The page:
We therefore appear to have:

1)  a preference to achieve these objectives (i.e. North-South co-operation and avoidance of hard border) through the overall EU-UK relationship ....

2)  If (1) not possible then UK to propose specific solutions - these are not set out further ....

3)  If no agreed solutions under (2) then "full alignment" for Northern Ireland with some, not necessarily all, rules of the Internal Market and the Customs Union.  The test will be whether a rule supports North-South co-operation, the all-island economy and the protection of the 1998 Agreement.

(3) seems, at least to me, to be particularly problematic.  In all likelihood, if (3) is reached, ALL the Internal Market (IM) and Customs Union (CU) rules could be needed because of the "all-island economy."  If that proves to be correct then it would appear necessary for the rules of the IM and CU to apply to the whole of the UK otherwise there would be a hard border between the island of Ireland and rest of UK (Scotland, Wales and England).  Of course, it may be that the government has in mind a more limited selection of rules in relation to which full alignment will be maintained.

A mechanism will be created to ensure the implementation and oversight of any specific arrangement to safeguard the integrity of the EU IM and CU - para. 51.

Under para 52 the rights of those people of Northern Ireland who are also Irish citizens will continue to enjoy their EU rights.

Under para 53 the UK commits to ensuring that there is no diminution of rights caused by Brexit including in the area of discrimination enshrined in EU law.  The UK also commits to upholding human rights and equality standards.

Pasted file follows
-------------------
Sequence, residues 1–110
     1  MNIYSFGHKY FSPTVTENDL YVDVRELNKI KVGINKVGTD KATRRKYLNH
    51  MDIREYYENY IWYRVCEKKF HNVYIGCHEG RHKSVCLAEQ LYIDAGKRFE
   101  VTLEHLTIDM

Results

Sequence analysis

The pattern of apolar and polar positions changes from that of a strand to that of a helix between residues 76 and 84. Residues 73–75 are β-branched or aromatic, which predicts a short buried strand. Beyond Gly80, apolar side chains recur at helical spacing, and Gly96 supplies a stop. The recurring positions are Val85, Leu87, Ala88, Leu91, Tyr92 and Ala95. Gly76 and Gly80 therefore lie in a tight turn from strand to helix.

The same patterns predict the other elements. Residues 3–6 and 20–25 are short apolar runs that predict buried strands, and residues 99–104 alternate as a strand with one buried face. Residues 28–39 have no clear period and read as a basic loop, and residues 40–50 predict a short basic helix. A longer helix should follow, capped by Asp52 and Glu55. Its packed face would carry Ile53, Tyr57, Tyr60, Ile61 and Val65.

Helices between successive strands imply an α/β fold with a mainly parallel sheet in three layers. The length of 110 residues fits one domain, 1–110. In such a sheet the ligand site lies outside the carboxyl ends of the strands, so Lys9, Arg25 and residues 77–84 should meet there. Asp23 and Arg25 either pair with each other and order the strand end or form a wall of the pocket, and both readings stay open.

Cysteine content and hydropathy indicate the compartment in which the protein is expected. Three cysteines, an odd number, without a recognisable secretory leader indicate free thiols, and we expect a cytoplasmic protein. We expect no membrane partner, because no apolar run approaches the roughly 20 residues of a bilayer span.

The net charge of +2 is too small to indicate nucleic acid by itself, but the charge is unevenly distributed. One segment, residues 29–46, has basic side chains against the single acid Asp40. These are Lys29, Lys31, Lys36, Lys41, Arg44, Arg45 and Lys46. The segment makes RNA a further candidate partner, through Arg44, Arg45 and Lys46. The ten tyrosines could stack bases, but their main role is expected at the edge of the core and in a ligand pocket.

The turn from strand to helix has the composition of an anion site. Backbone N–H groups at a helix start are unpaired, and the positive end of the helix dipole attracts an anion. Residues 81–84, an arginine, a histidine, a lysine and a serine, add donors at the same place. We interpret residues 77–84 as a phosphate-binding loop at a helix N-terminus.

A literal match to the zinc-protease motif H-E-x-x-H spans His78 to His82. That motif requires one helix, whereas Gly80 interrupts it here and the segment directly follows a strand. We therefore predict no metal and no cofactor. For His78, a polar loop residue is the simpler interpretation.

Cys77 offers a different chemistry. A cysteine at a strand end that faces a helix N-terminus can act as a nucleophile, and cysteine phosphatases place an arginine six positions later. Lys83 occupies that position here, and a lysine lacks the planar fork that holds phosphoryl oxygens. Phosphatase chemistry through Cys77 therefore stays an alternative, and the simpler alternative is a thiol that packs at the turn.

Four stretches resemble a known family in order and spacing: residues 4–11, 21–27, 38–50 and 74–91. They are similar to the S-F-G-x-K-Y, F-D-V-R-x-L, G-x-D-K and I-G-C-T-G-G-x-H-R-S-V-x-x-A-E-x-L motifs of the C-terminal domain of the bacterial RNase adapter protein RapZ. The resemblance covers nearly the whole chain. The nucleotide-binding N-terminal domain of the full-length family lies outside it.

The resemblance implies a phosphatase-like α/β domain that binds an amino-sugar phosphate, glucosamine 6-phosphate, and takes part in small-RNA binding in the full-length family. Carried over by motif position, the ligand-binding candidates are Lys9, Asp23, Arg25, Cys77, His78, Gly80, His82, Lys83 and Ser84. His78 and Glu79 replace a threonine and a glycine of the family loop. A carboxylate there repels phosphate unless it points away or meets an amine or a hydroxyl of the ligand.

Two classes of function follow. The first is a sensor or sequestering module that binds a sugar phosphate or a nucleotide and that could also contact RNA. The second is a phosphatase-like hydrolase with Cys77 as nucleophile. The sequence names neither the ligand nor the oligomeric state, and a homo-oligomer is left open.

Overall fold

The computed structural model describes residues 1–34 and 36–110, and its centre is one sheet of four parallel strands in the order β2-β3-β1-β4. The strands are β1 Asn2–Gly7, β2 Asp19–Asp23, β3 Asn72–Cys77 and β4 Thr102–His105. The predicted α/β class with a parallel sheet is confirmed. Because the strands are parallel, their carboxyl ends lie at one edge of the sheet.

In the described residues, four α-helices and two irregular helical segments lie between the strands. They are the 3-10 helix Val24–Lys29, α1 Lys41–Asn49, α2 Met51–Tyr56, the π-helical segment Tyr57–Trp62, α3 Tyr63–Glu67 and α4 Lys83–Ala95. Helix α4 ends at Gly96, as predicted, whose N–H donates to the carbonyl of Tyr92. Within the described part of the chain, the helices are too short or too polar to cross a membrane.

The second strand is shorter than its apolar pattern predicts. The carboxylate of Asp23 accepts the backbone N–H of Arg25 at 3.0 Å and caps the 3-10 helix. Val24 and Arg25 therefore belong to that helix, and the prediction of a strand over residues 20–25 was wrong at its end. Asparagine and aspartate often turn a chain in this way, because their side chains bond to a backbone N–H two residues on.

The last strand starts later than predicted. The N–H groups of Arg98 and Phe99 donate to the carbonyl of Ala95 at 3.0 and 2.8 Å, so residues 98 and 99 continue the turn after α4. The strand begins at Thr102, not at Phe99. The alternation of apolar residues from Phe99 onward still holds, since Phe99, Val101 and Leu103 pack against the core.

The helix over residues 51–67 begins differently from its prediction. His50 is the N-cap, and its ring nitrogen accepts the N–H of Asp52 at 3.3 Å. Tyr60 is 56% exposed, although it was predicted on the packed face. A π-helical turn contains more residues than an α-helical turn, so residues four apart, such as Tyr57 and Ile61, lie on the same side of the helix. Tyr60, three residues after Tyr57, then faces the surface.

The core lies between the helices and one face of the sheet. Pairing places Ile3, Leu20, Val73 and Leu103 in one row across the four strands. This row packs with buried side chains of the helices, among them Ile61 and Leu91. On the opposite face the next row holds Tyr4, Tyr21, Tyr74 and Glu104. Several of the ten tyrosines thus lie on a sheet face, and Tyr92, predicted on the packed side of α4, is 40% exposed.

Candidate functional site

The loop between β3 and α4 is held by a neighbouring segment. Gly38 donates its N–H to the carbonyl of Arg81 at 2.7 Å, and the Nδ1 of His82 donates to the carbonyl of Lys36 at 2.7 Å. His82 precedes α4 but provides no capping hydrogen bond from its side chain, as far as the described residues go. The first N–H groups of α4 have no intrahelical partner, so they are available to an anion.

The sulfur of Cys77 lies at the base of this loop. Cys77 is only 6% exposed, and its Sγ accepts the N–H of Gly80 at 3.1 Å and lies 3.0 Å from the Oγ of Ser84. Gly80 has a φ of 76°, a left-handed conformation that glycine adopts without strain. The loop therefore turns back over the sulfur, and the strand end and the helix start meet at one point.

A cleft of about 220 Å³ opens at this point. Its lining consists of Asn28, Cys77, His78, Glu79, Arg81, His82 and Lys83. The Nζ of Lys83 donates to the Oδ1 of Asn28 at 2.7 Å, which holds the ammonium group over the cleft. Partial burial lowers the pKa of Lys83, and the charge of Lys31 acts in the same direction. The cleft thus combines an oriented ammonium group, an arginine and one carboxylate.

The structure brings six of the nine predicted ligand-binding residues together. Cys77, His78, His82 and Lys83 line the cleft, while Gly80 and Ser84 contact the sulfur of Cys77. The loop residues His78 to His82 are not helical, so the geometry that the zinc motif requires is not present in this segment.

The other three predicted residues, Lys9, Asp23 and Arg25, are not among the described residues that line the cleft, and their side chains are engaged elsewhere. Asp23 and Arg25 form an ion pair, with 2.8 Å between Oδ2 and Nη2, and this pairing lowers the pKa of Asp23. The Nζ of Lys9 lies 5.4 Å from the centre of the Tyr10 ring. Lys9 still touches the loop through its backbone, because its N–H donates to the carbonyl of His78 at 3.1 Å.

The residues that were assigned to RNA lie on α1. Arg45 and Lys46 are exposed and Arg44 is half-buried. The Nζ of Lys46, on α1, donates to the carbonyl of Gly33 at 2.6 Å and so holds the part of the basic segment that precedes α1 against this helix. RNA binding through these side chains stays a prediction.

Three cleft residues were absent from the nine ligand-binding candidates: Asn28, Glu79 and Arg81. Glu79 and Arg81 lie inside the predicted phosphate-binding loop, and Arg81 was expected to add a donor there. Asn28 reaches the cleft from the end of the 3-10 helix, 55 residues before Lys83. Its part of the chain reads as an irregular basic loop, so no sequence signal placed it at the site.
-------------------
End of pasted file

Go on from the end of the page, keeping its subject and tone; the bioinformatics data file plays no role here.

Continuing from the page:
The Common Travel Area (CTA) is the subject of para 54 - "Both Parties recognise that the United Kingdom and Ireland may continue to make arrangements between themselves relating to the movement of persons between their territories (Common Travel Area), while fully respecting the rights of natural persons conferred by Union law. The United Kingdom confirms and accepts that the Common Travel Area and associated rights and privileges can continue to operate without affecting Ireland’s obligations under Union law, in particular with respect to free movement for EU citizens."

Commitments to the PEACE and INTERREG funding programmes will be honoured by both EU and UK - para 55.

Finally, this section of the report states (para 56) - "Given the specific nature of issues related to Ireland and Northern Ireland, and on the basis of the principles and commitments set out above, both Parties agree that in the next phase work will continue in a distinct strand of the negotiations on the detailed arrangements required to give them effect. Such work will also address issues arising from Ireland’s unique geographic situation, including the transit of goods (to and from Ireland via the United Kingdom), in line with the approach established by the European Council Guidelines of 29 April 2017."

So, in essence we have a bundle of important commitments and principles which will have to be worked out in detail in the forthcoming negotiations.  How an unwanted hard border will be avoided whilst taking the UK out of the Internal Market and Customs will be the crucial element.